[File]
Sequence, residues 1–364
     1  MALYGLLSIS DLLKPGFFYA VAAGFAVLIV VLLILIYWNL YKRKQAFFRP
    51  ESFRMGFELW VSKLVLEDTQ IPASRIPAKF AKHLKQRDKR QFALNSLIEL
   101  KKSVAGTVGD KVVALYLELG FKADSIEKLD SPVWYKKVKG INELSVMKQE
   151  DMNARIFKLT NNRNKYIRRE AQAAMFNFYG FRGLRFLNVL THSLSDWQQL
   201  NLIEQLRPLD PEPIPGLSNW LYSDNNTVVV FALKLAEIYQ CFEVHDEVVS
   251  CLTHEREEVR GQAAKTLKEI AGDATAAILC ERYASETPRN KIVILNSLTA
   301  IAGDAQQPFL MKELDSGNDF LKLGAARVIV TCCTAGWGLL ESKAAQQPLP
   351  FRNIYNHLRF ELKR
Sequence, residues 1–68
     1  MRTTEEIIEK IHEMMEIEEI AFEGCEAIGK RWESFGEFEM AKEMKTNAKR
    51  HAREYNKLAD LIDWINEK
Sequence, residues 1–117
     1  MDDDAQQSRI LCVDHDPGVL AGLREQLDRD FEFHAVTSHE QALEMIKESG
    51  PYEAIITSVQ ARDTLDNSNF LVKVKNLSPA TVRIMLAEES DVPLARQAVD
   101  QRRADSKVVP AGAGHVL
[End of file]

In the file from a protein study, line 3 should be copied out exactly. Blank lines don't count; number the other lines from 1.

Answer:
    51  ESFRMGFELW VSKLVLEDTQ IPASRIPAKF AKHLKQRDKR QFALNSLIEL